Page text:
Cirrus Aircraft has received FAA certification for a new version of its single-engine Vision Jet, the Generation 2 (G2), and deliveries of the model will begin this month. New features include a higher maximum operating altitude, autothrottle, lithium-ion main-ship batteries, upgraded avionics, new cabin appointments, and additional paint schemes.
The G2 Vision Jet’s Garmin avionics suite is upgraded to the Perspective+ configuration, with faster processors and higher-resolution displays, Flight Stream 510 wireless gateway, and a Garmin autothrottle system for the Fadec Williams International FJ33-5A turbofan. Its Flight Stream 510 facilitates Garmin Connext flight plan transfers, database updates via the Garmin Pilot app, and text messaging using Garmin Pilot and the Garmin GSR 56 Iridium satcom. The SiriusXM radio system can also now be controlled by a cellphone instead of through the avionics.
Its autothrottle simplifies single-pilot flying by maintaining a manually set or FMS programmed airspeed. The system automatically lowers the power setting and adjusts speed if the jet is flying too fast—for example, preventing exceedance of speed restrictions in the terminal environment. The autothrottle can be used after 400 feet agl on takeoff and during an instrument approach to minimums. During a coupled instrument approach, the autothrottle and autopilot can automatically fly the missed approach procedure.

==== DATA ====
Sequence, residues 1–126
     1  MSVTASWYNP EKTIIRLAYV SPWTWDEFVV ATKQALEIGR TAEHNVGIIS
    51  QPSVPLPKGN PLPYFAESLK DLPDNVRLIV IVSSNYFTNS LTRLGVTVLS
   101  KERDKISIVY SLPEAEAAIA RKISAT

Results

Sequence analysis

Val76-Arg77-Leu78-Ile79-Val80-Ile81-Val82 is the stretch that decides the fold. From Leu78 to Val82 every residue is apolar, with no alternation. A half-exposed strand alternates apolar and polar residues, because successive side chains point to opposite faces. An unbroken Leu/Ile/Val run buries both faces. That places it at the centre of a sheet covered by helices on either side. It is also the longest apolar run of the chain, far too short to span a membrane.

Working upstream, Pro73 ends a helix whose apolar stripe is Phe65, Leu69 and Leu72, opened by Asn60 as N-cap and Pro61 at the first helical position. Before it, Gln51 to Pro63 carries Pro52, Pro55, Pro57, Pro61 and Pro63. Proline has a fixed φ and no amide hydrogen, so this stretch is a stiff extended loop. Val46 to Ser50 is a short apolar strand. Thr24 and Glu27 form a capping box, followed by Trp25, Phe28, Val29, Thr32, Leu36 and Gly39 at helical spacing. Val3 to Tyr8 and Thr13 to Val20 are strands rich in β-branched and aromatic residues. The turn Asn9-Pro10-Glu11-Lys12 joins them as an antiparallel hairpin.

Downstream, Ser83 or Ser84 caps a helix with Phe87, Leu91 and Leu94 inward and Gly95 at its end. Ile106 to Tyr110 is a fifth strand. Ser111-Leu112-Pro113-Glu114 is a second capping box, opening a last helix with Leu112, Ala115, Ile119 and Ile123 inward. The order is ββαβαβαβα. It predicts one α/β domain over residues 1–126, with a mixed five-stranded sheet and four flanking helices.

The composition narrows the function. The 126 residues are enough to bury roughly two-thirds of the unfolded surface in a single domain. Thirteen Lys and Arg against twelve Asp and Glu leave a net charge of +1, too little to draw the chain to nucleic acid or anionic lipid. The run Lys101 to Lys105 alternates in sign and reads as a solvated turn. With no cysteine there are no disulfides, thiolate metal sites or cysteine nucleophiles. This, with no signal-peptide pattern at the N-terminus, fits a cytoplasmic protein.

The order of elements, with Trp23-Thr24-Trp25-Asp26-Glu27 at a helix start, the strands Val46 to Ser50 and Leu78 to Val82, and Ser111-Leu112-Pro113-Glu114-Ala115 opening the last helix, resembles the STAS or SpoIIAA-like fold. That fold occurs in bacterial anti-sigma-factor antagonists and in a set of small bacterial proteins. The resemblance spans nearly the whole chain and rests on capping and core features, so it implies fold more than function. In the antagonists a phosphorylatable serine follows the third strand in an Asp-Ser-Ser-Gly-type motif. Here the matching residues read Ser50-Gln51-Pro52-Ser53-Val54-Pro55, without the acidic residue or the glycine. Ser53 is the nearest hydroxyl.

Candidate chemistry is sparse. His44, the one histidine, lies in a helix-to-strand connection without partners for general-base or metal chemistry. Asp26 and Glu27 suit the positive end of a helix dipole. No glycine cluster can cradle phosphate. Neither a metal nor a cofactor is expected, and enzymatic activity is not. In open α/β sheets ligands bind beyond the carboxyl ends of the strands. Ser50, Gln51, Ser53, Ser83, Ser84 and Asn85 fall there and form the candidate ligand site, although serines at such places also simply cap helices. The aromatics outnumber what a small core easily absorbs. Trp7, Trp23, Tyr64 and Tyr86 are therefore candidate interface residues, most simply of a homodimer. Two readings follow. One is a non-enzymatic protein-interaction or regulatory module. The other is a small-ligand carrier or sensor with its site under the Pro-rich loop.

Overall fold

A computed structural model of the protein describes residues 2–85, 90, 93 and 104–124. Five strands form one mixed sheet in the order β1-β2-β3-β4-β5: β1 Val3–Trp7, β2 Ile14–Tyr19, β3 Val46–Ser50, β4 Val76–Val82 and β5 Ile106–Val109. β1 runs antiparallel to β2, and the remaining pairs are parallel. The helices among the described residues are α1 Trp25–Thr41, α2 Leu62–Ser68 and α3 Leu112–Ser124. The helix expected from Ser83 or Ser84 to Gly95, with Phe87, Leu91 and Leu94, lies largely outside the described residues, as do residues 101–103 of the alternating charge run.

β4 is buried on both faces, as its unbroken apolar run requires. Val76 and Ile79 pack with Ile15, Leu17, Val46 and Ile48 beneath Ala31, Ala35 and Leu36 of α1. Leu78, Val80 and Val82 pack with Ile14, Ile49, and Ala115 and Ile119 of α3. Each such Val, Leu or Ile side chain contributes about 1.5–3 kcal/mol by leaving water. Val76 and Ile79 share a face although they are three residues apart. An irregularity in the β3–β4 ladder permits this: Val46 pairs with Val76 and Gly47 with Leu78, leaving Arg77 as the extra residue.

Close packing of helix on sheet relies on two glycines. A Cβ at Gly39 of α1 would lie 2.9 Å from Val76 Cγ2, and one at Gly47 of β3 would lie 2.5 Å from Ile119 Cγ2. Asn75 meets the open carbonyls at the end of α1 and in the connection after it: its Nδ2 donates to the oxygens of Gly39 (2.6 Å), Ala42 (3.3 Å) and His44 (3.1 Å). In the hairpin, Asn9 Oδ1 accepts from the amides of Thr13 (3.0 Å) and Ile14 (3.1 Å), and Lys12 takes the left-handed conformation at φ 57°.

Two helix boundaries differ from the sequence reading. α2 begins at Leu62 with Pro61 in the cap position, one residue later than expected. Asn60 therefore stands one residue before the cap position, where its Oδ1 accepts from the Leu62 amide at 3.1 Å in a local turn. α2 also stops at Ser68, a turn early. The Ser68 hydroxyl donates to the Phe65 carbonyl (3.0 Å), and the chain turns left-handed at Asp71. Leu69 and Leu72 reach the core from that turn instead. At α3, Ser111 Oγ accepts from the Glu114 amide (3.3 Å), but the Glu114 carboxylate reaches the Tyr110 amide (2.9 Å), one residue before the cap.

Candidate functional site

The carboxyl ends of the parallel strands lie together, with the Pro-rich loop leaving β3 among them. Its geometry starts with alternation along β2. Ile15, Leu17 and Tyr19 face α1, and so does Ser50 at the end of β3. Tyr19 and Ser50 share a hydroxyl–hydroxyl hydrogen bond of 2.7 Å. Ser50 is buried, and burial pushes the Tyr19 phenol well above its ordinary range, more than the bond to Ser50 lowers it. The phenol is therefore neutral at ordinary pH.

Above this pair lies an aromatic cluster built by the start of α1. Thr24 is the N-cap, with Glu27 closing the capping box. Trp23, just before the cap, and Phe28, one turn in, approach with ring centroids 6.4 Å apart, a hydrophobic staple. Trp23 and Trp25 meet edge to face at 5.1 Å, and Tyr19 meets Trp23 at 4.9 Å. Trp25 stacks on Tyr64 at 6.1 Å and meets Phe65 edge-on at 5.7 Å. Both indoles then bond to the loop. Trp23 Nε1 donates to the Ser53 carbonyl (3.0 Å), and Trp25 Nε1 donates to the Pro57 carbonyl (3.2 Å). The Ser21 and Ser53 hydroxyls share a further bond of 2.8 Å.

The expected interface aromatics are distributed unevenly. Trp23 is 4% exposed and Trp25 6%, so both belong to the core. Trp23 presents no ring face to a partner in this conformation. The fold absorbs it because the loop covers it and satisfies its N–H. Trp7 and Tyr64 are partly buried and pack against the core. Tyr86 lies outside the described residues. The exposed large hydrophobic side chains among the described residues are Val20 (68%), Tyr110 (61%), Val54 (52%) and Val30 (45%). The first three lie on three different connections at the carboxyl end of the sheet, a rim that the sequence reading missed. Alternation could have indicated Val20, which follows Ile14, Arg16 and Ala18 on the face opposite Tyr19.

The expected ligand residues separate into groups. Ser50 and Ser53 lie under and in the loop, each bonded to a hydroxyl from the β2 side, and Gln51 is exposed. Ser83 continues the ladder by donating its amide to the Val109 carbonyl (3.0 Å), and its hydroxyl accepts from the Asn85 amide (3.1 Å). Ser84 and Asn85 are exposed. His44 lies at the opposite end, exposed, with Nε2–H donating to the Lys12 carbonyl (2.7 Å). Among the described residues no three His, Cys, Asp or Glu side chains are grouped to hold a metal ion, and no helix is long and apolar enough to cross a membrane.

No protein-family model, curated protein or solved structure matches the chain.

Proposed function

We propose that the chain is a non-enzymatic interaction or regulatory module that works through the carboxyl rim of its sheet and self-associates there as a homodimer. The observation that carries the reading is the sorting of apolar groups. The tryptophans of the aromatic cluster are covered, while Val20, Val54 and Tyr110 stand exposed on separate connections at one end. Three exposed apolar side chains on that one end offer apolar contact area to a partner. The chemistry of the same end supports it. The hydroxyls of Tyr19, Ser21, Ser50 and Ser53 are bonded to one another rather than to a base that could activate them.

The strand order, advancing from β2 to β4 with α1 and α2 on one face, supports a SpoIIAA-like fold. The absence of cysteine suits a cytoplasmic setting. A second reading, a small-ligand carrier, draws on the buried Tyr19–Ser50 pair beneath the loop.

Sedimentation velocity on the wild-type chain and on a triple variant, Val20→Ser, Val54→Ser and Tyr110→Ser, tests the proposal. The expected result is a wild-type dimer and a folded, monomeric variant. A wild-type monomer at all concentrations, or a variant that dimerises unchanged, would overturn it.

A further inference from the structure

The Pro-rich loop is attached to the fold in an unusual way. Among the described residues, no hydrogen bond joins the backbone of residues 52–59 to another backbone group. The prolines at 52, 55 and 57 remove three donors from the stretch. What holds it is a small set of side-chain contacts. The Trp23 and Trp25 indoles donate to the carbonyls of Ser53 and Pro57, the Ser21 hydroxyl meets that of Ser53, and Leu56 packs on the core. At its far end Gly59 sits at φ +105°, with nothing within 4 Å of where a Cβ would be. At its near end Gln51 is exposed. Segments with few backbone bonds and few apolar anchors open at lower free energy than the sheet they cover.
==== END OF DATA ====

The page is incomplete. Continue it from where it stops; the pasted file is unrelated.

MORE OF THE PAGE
In addition, the autothrottle brings new functionality to the Garmin Electronic Stability & Protection System (ESP) on the G2 Vision. For example, in a stall, the autothrottle adds power to complement the autopilot lowering the nose, even if the autothrottle and autopilot are not engaged. Using the emergency descent mode, the autothrottle lowers power to a setting optimal for the descent but also for leveling off at a safe airspeed (about 82 percent power).
The FJ33-5A engine has also been modified with a new thrust schedule from FL240 to FL310, the new maximum operating altitude (up from FL280), giving the G2 Vision an improved climb and a seven-knot increase in cruise speed at FL280 to 311 ktas. At FL310, the Vision G2 can cruise at 305 ktas, one knot faster than the original Vision at FL280 (at ISA and mtow).
Range is about 100 nm higher at long-range cruise of 240 ktas, giving a range of more than 1,200 nm, or G2 pilots can carry more payload when flying at the more typical maximum continuous thrust power setting. On an 800-nm mission, an additional 150 pounds of payload is possible, and for a 1,000-nm mission, another 170 pounds of payload can be carried.